# rebuild the envelope and write it to file descriptor 4
$line = "F$sender~";
foreach $address ( @envelope ) {
    if ( $address =~ m/^T/ ) {
        $line = "$line$address~";
    }
}
$line = "$line~";
`logger -t routemail.filter.pl -p mail.info Envelope to qmail-queue is [$line]`;
$line =~ tr/~/\0/;
open(ENVOUT, ">&=4") or die "Can't open file descriptor 4 ($!), stopped";
print ENVOUT $line;
close ENVOUT;

# open stdin to read the email message from qmail-smtpd via qmail-qfilter
open(MSGIN, "<-") or die "Can't open STDIN ($!), stopped";

# open stdout to write the message to
open(MSGOUT, ">-") or die "Can't open STDOUT ($!), stopped";

# define a var to track when the headers are done
# ie $header=0 means we're done reading the headers
$header = 1;

# we're going to look for the Sender: header
$senderHdr = "";

# read email line by line and write to stdout
while ( $line =  ) {

    # do header processing    
    if ( $header ) {
        # look for and capture the Sender: header address
        if ( $line =~ m/^[Ss]ender:\s*(.+)\s*\n/ ) { $senderHdr = $1; }
    }
    
    # detect the end of the headers, a line with one char (a newline) should do it
    # see http://cr.yp.to/immhf/header.html for more info
    if ( $header == 1 && length($line) == 1 ) {
        
        $header = 0;
        
        # if there isn't a Sender: header then create one with the envelope sender
        if ( length($senderHdr) == 0 ) {
            print MSGOUT "Sender: " . $sender . "\n";
        }
        
    }
    
    print MSGOUT $line;

}   # next email line

close MSGIN;
close MSGOUT;

# exit codes for qmail-qfilter are:
#
#   0  = accept message and deliver it
#   99 = accept message but do not deliver it
#   31 = reject message with a 554

exit 0;

# end

Permissions!

routemail.filter and routemail.filter.pl must be owned by root with their group set to qmail. They must be executable by everyone.

This will set everything correctly-

cd /var/qmail/filters
chown root:qmail routemail.filter*; chmod 755 routemail.filter*

A directory listing of /var/qmail/filters should show this-

-rwxr-xr-x   1 root qmail  231 Nov 28 09:57 routemail.filter
-rwxr-xr-x   1 root qmail 5030 Dec  1 11:25 routemail.filter.pl

Permissions are very important in qmail. If something isn't working as expected, check your permissions.

 

Configuring Transformations in /var/qmail/addresses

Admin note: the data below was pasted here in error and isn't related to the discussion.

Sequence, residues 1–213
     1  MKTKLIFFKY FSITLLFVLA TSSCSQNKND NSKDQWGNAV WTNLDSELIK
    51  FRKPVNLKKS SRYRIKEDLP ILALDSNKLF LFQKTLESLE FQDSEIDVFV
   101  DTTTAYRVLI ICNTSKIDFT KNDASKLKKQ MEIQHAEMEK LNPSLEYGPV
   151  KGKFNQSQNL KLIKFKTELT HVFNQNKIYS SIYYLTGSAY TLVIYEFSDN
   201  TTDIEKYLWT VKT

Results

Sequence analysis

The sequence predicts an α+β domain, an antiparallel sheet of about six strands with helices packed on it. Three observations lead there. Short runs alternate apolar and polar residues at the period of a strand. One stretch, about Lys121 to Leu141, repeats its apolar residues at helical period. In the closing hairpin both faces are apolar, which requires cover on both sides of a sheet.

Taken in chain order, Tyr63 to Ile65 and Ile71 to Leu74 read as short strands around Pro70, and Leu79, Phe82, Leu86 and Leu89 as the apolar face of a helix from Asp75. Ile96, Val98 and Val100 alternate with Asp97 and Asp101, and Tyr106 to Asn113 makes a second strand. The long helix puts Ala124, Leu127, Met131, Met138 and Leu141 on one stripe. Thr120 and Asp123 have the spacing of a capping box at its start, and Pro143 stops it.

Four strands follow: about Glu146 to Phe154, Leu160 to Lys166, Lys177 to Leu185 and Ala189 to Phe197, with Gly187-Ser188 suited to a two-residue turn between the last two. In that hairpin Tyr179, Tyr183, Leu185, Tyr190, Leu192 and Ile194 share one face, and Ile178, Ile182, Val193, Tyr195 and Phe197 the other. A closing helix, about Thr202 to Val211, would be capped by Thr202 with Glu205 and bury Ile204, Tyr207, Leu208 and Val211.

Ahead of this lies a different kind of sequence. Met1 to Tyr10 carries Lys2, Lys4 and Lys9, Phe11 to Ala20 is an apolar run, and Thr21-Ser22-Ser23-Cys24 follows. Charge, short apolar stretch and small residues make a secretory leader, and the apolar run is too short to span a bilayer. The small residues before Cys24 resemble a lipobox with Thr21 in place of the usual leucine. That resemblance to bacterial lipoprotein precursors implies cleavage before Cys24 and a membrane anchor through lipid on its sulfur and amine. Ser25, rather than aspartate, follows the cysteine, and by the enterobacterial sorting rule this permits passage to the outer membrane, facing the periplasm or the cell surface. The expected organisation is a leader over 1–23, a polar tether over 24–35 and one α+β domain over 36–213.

Here is an example /var/qmail/addresses file-

# addresses
# ---------
#
# read by /var/qmail/filters/routemail.filter.pl
#
# format is [email address to replace], [replacement email address], or on more
# general terms [anything to replace], [replacement]
#
# AN ADDRESS MAY GO THROUGH MULTIPLE TRANSFORMATIONS!
# why?  because the entire file is read for each address and processed line by line
# e.g. support@mail.yourcompanysolutions.com > support@yourcompany.com > someone@yourcompanysolutions.com

# ---------------------
# local transformations
# ---------------------

# make sure all local accounts are accounted for if they may get mail we care about.

postmaster@mail.mailserver.com,     support@yourcompany.com

# -----------------------
# corporate boxes & misc.
# -----------------------

# use a "~T" to add another recipient address in the mail envelope
support@yourcompany.com,            dave@yourcompany.com~Ted@yourcompany.com

# ------------
# ex-employees
# ------------

hannibal@yourcompany.com,           adam@yourcompany.com

# -------------------------------------
# outbound or temporary transformations
# -------------------------------------

contractor@yourcompany.com,         judy@carolina.rr.com

# --------------
# bullhorn users
# --------------

# all bullhorn users must be specified

jeff@yourcompany.com,               jeff.logan@mail.bullhorn.com
mark@yourcompany.com,               mark.adams@mail.bullhorn.com

# this should be the last transform, which will send all yourcompany.com mail to